[2] The sum total of the application of this doctrine simply stated is that, where one is placed in the position where he has his choice of doing or not doing a given act, this doctrine applies. We take it to be the rule, therefore, under this doctrine, that, where one voluntarily becomes a guest in an automobile, with a knowledge that the driver is incompetent or inexperienced, or after he has assumed his position in the car, it comes to his knowledge that the driver is intoxicated, or is reckless in his driving, and with such knowledge on his part he aids or encourages the driver, or acquiesces or joins or co-operates in such recklessness, he takes the chance of an accident, and, in case an accident occurs, arising from such known incompetency, inexperience, or intoxication of the driver, or other such known recklessness, then plaintiff cannot recover.

Under like statutes, other states have held to this doctrine under similar circumstances. See Haines v. Duffy, 206 Wis. 193, 240 N. W. 152, 153, where it is said: “It is well settled that it was her duty to protest at an excessive or dangerous rate of speed. There is an increasing tendency to designate this failure to protest as contributory negligence. It is not strictly contributory negligence. The duty to protest grows out of the relation of host and guest, and it constitutes an essential element in the question of whether the guest may recover damages resulting from the negligence of the host. * * * Where the invitation is to take an automobile ride, the guest is warranted in assuming that the host will not drive at a reckless or unlawful rate of speed. However, it may suit the pleasure of both the host and guest to drive at a high rate of speed. Where this results with the acquiescence of the guest, the guest is not permitted to recover from the host. This is not because the guest is, strictly speaking, guilty of contributory negligence, or any negligence, but rather because the guest has acquiesced in the conduct of the host, and it would be against reason and justice to permit a recovery against the host under such circumstances.”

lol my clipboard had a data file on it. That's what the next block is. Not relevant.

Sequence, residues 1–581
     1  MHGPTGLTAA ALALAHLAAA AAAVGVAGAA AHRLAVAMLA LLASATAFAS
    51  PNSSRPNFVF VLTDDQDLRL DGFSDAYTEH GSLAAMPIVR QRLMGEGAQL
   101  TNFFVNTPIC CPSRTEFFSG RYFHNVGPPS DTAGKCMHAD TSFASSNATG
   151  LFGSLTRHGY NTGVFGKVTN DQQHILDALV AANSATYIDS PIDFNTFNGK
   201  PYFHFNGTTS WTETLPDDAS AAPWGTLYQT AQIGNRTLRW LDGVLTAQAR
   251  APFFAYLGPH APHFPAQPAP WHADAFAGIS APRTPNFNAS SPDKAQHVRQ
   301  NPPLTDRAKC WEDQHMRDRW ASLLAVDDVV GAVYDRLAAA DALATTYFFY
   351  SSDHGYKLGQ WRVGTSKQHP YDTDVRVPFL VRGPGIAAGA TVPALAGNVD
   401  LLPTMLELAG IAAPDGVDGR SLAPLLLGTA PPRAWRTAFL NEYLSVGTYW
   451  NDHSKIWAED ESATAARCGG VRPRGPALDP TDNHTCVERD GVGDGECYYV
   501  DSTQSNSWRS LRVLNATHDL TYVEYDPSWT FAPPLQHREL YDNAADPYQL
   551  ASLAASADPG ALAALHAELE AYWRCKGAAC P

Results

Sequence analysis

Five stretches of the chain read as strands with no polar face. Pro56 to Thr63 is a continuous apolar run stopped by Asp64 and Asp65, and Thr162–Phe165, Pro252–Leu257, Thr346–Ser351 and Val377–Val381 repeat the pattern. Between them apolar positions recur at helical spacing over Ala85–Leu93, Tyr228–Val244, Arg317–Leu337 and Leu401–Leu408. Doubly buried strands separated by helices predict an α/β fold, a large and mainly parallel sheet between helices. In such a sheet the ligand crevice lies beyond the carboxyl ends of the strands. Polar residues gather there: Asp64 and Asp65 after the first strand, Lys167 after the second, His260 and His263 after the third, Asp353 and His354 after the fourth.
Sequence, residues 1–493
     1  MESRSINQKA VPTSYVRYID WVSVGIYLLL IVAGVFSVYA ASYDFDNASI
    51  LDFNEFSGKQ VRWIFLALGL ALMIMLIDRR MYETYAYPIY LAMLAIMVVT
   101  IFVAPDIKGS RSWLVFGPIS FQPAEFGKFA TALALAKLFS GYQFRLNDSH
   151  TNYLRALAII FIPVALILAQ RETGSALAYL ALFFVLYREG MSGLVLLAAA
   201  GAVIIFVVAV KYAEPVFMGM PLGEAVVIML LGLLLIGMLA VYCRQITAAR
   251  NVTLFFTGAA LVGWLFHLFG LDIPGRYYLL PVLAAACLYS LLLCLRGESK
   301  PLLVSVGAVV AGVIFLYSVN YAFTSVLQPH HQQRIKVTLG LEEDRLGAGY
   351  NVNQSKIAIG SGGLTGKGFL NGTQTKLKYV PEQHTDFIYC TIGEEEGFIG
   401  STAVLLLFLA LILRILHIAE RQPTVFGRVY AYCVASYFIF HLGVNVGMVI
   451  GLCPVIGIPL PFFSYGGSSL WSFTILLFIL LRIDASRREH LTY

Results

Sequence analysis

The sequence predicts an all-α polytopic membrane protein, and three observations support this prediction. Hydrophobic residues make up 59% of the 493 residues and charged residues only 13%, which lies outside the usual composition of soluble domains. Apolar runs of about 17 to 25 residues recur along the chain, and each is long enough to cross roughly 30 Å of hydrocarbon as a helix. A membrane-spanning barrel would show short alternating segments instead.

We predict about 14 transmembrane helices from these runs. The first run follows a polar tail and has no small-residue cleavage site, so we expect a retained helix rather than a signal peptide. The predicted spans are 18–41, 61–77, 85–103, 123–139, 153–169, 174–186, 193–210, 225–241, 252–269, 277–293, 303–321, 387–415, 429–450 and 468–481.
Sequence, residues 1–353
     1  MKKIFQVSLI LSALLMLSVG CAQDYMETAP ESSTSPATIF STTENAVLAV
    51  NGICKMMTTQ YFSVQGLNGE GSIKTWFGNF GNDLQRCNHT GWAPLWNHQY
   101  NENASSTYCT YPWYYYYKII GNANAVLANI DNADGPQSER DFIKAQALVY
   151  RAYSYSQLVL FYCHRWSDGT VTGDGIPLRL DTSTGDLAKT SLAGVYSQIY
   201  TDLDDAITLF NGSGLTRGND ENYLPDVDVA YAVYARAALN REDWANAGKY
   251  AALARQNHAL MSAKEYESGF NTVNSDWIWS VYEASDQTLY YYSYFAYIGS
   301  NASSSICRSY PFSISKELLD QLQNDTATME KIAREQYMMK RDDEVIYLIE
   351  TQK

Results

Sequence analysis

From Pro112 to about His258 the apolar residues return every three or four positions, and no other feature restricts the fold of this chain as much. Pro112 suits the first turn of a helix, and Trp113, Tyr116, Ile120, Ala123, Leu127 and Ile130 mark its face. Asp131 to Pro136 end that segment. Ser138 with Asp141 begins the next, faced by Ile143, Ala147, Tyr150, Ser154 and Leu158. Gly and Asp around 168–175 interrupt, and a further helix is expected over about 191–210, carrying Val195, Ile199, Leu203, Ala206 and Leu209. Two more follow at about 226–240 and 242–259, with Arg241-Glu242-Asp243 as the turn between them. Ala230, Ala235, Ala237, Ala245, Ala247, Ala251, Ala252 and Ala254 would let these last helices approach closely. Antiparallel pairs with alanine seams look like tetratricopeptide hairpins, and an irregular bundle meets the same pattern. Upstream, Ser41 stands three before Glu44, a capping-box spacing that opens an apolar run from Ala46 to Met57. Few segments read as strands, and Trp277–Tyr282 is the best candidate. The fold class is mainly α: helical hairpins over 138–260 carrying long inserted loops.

As heretofore noted, this question arose by reason of the striking from the defendant's answer the allegations thereto. It is insisted, however, that, even though this might be the rule, no prejudicial error was committed, because there was no evidence on which to base this doctrine. The contention made that the evidence introduced in the case did...

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    ...that the latter phrase is probably a misnomer, but none-theless the doctrines must not be confounded with each other. White v. McVicker, 216 Iowa 90, 246 N.W. 385 (1933). More recently we have said, 'The issues of freedom from contributory negligence and assumption of risk are closely relat......